CHICAGO — Avocado oil and purple corn, among other trending ingredients, are featured in products debuting at the Sweets & Snacks Expo from Utz Quality Foods, L.L.C. The company’s Snikiddy brand is introducing Purple Corn Puffs in white cheddar and sea salt varieties. From the Good Health brand, a range of Ridge Cut Potato Chips cooked in avocado oil is set to launch.
The products join a growing portfolio of chips, pretzels and popcorn made with premium, nutritious ingredients such as beans, beets and broccoli.
|Mary Schulman, vice-president of strategy for the Good Health and Snikiddy brands
“Good Health is known for being a trailblazer in healthy snacking,” said Mary Schulman, vice-president of strategy for the Good Health and Snikiddy brands, in an interview with Food Business News.
An extension of the brand’s popular line of Avocado Oil Kettle-Style Potato Chips, the new ridge-cut varieties include sea salt, jalapeño cheddar jack, buffalo and cool blue ranch, and creamy French onion.
Other new offerings from Good Health include Organic Black Bean & Rice Tortillas chips, Gluten Free Pretzels and Veggie Pretzels, which are sprinkled with Himalayan salt and formulated with spinach, broccoli, carrots, tomatoes, beets and shiitake mushrooms.
From Snikiddy, which Ms. Schulman co-founded with her mother in 2006, the new Purple Corn Puffs align with the brand’s mission to deliver healthy, appealing snacks for children, she said.
“These younger snackers, we believe, will think that purple puffs are super fun,” Ms. Schulman said. “They are Non-GMO Project verified and carry the Whole Grain Stamp. The purple puff is made with purple corn; it’s a beautiful violet color, and it tastes delicious.”
Snikiddy also is reintroducing its Baked Grilled Cheese Puffs and Baked Mac N’ Cheese Puffs, which are now U.S.D.A. certified organic, and a Baked Fries line made with 70% organic ingredients. The organic overhaul came in response to changing consumer preferences and expectations.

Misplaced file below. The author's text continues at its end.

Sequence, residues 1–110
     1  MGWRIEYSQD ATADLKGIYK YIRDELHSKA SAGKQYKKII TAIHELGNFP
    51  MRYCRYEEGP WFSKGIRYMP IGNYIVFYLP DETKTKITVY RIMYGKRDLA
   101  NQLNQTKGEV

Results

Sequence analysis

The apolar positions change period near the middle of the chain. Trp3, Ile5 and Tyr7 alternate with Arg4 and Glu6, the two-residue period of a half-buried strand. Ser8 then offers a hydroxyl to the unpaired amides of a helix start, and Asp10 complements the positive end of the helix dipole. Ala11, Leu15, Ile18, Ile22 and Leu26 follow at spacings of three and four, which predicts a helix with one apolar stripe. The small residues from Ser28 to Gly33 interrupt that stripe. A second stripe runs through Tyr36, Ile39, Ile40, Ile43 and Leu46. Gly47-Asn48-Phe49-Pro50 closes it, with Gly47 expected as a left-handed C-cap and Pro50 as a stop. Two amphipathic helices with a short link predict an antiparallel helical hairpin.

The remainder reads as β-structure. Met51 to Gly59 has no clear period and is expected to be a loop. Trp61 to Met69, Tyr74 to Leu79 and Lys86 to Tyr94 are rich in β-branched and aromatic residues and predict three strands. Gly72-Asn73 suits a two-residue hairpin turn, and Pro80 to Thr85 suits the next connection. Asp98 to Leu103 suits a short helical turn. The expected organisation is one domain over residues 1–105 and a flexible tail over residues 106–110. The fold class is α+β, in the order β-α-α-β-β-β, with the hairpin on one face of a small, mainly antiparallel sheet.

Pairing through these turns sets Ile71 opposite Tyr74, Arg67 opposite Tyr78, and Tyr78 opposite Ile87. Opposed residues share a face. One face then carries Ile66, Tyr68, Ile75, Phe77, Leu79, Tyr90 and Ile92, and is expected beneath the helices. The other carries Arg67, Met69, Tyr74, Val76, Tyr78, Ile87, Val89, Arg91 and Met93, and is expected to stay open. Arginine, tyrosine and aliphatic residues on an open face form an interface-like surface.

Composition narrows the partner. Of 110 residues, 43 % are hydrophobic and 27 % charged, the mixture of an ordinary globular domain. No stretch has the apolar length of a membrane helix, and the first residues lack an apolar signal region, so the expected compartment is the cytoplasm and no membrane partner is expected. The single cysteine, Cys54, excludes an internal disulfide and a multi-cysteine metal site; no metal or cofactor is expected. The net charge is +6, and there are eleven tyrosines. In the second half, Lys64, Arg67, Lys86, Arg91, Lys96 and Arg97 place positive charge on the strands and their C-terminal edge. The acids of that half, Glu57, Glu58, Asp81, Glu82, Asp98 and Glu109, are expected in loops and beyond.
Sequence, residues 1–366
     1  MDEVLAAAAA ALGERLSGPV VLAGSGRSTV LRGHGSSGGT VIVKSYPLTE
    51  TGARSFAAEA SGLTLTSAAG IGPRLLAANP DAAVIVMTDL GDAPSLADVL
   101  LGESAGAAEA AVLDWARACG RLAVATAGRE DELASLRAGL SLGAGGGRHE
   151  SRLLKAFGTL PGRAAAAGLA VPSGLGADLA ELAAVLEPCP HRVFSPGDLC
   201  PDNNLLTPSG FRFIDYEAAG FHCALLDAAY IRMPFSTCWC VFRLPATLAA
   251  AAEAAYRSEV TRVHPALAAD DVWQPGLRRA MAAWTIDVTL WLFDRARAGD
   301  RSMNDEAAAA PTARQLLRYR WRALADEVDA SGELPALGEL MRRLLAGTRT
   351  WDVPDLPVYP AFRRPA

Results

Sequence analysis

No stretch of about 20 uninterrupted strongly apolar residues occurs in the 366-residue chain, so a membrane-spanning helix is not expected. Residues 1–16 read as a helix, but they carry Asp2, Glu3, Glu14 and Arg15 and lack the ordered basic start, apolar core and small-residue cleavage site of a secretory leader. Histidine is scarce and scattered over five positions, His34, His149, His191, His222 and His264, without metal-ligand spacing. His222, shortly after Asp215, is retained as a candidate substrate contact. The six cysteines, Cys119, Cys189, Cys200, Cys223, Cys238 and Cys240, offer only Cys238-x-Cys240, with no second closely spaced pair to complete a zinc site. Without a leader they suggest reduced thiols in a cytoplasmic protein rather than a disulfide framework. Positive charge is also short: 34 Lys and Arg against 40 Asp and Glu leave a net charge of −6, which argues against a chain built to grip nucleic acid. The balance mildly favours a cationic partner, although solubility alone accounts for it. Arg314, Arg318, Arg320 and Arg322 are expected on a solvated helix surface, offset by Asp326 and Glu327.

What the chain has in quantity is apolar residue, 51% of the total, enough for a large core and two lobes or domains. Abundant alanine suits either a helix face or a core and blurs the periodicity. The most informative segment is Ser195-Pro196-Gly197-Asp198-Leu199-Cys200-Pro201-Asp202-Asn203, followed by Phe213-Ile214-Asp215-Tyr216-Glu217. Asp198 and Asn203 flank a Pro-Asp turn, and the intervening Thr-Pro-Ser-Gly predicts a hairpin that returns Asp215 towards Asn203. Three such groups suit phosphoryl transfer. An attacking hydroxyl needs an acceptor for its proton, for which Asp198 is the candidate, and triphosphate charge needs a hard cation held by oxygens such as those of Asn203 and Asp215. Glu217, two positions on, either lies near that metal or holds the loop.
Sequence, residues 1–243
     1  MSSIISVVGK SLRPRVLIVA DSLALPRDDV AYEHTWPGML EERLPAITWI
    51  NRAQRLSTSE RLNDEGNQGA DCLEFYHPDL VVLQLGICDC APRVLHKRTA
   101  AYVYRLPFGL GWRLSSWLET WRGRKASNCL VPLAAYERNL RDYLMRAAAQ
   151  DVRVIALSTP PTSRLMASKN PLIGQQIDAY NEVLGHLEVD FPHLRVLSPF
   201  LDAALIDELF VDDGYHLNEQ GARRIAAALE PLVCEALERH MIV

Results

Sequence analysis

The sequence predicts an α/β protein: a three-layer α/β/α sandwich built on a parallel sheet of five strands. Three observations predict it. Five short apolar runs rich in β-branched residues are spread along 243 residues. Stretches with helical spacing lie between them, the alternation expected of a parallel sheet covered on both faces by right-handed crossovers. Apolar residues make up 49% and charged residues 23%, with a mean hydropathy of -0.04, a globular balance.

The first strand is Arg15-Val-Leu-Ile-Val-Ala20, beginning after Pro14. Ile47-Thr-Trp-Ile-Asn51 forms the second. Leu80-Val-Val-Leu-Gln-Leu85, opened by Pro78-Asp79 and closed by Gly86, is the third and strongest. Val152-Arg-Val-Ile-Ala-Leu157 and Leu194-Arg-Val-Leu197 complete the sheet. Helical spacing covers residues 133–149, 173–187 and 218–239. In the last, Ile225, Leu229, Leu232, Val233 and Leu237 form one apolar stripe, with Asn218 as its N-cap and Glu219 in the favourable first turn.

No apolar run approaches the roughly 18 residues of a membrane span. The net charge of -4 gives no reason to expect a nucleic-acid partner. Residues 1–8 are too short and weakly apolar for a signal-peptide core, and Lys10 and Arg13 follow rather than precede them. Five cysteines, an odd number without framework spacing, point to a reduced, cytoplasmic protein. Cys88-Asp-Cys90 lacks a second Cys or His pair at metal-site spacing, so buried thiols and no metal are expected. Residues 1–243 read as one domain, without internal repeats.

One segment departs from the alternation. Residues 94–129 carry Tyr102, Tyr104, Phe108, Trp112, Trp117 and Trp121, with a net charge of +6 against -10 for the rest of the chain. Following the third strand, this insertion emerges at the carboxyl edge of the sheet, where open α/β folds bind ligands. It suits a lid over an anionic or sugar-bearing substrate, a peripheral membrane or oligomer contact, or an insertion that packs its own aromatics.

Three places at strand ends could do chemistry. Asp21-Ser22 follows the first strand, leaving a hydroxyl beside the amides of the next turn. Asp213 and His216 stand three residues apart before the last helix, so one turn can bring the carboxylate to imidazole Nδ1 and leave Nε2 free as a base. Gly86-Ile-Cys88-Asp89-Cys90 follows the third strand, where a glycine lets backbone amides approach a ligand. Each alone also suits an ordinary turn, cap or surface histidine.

“Particularly people with younger children are looking for that seal of approval, and I think it’s more widely expected now and looked for, and we really felt this was the right thing to do for the consumer,” Ms. Schulman said.
Inspiration for creating Snikiddy struck while Ms. Schulman was pregnant with her first child.
“I grew up eating healthy, and as a mom I wanted to be able to offer healthier snacks to my future children,” she said. “As I looked around the grocery store, I didn’t find snacks that I would have been excited about feeding them because they were laden with artificial flavors and preservatives, and I really wanted to be able to provide my children with a cleaner diet.
“I also knew that children are going to snack; it’s inevitable… I figured other moms like myself would be happy to provide healthier snacks to their families.”
To stay current in the competitive snack market, Ms. Schulman tracks trends in other categories and industries.
“You could look at what restaurants are doing or even completely different verticals like the beauty industry,” she said. “I’m always keeping track of what those trends are, maybe not necessarily in the snacking world, but outside of that, and evaluating if they might translate into the snacking world.”
Utz Quality Foods, the largest privately-held salty snack company in the United States, acquired Good Health in 2014 and Snikiddy in 2015. Both brands are sold in approximately 5,000 retail outlets nationwide.“We think both Good Health and Snikiddy can play within all of the snacking areas and maybe even across other verticals in the store,” Ms. Schulman said. “We haven’t determined that, but we’re always evaluating that and looking to do the best we can do for our consumer and making sure we’re delivering what they need and want.”